Most tourists in NYC either get around by taxi or the Subway – but I much prefer the bus!
Using the bus is my favorite way to get around NYC.
But I used to be a little intimidated by the bus network (even though I had been using the Subway for years!). There was just something about NYC buses that seemed a little confusing!
Well, if you’re also visiting NYC soon, you might be wondering if the bus system is any good, and (importantly) how it all works. Hopefully, in this blog post, I can tell you! And put your mind at ease soy ou can use the bus confidently!
Navigating a new city’s public transportation can be a little scary and intimidating, but I promise you, the bus system in NYC is super easy.
And there are some big advantages to taking the bus over the Subway or a taxi too! Some of the main advantages are:
- The bus is much much cheaper than a taxi.
- The bus involves a lot less steps than the subway (useful for people with accessibility issues).
- NYC buses have phone charging points! This is seriously underrated – and I always appreciate it if my phone is running low on battery.
- You don’t lose WiFi or signal on the bus, meaning you can still make calls or stream videos, etc.
- On the bus, you can still enjoy views of the city! You’ll have lovely bug windows to look out of (which the subway definitely lacks!).
- The bus can often drop you much closer to your destination than the Subway.
Now that I’ve, hopefully, convinced you of the advantages to taking the bus – this blog post will tell you everything you need to know, including how it all works, how to pay, and other tips.
1. Planning Your Route
The first thing you’ll want to do when using the bus in NYC, is planning your route.
There are a few ways to do this (which I’ve listed below) but my fool-proof method is definitely Google Maps. And that’s the method I would recommend above all others. Google Maps just makes it super easy, and gives you all the info you need (along with live tracking along your journey).
Google Maps: This is my preferred way of route planning. You can easily use Google Maps to find directions and real-time bus arrivals. Just enter your destination, select the public transportation option, and it will provide you with bus routes and schedules. It can even direct you to the nearest bus stop too.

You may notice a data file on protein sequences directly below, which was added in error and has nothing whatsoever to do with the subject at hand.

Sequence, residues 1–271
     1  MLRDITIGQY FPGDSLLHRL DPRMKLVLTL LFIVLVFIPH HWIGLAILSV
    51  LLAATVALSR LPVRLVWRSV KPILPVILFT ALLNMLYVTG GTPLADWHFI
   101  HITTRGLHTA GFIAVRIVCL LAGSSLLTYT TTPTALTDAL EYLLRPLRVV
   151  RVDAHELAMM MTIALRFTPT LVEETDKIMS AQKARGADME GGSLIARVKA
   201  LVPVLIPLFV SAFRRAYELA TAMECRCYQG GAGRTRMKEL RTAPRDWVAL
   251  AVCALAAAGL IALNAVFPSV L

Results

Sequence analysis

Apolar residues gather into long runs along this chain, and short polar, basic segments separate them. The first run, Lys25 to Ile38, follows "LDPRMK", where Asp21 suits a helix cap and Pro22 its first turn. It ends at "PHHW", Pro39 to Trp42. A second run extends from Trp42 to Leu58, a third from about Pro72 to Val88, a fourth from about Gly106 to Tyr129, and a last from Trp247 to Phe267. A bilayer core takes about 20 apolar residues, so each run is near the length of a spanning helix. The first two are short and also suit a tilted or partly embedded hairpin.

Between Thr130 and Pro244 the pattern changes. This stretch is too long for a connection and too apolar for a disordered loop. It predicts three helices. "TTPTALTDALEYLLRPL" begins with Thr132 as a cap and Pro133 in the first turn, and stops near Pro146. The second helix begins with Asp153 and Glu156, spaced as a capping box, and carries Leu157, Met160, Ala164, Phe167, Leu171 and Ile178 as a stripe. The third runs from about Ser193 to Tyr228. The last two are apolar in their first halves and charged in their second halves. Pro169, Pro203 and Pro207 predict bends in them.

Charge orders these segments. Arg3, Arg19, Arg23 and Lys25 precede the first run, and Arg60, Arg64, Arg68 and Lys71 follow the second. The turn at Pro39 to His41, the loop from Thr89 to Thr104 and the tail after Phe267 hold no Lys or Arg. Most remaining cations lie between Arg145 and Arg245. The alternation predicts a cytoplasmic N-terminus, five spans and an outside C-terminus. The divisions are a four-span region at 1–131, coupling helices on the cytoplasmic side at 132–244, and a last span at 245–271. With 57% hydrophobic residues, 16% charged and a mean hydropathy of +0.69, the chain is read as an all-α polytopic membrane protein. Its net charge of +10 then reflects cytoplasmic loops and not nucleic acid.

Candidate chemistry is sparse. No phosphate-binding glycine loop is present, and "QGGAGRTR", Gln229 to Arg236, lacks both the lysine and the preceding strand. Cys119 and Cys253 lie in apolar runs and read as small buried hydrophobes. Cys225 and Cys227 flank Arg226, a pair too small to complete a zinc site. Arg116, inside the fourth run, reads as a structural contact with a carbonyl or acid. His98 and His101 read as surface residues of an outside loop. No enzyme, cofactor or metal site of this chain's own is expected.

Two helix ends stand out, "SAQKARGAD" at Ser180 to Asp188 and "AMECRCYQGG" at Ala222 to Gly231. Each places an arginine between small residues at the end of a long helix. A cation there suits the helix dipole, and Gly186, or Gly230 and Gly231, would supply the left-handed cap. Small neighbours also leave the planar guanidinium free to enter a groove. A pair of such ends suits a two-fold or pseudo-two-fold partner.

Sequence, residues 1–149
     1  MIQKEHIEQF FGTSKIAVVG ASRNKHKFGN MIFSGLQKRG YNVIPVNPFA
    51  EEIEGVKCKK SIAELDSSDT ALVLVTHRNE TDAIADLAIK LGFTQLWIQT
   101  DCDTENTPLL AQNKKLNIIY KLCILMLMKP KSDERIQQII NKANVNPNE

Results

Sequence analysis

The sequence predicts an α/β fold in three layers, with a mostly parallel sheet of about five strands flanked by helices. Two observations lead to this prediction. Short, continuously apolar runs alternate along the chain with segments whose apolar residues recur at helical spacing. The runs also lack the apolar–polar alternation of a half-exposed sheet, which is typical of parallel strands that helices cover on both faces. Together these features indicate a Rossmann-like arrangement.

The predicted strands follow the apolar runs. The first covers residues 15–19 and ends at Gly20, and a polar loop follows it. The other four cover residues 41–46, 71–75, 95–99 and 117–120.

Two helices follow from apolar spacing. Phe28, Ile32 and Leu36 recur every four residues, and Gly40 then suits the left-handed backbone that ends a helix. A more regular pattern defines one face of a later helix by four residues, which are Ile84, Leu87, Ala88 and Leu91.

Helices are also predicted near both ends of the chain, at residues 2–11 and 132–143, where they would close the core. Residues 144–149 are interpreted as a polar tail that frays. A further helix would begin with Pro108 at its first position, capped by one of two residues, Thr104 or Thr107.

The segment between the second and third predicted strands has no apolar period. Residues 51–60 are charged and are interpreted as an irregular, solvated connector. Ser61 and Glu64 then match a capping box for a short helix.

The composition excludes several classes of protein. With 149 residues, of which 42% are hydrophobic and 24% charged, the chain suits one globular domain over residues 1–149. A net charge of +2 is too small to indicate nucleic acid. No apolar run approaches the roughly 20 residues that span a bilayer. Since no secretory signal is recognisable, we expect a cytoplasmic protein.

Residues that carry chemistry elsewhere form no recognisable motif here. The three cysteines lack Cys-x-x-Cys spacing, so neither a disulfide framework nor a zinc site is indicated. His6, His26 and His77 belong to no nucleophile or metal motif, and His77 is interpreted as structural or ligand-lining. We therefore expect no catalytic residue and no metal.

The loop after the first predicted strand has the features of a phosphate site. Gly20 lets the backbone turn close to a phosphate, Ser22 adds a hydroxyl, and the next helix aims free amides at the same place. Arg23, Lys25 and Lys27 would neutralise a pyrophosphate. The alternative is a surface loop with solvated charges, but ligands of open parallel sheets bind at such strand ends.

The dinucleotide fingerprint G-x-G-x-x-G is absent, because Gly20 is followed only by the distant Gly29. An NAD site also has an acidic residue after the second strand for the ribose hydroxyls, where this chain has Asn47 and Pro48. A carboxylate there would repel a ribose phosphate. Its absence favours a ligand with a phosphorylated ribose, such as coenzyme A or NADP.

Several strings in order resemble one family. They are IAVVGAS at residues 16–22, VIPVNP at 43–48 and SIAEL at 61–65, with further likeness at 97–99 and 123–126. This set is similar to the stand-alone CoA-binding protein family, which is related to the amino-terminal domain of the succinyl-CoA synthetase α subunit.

MTA Bus Time: Visit the MTA website or download the Bus Time app. It provides real-time bus tracking and schedules for every route, making it easy to plan your journey.
CityMapper: CityMapper is another app you can use (works in a similar way to Google Maps) to help you find out which bus routes are nearby, and when they’re scheduled. It’ll also give you total journey ETAs.
Official Maps: This is a little old-school, but you could always grab a paper map from a subway station or a visitor center to help you get oriented and see the bus routes.
Tip: I’ve found that once you figured out the best bus routes near to your hotel / accommodation – it only gets easier. Memorize the most helpful bus route for your hotel, and then you know which to look out for.
2. Bus Stops and Identification
NYC bus stops are typically marked with a green and white sign that includes the bus route numbers, a map of the route, and the direction of travel.
Sometimes there will be seating, and a little shelter area, sometimes it’ll just be a pole with a sign (like the example below).
Here’s what to look for:
- Bus Number: Check the route number to make sure it’s the one you need.
- Direction: Make sure you’re waiting on the correct side of the street for the direction you want to travel. Using one of the apps above should help with this!
- Schedules: While the official schedules are handy, remember that buses may arrive a little early or late, so use real-time tracking whenever possible.
3. Paying the Fare
One of the things I was most nervous about when I first started using NYC buses, was knowing how to pay.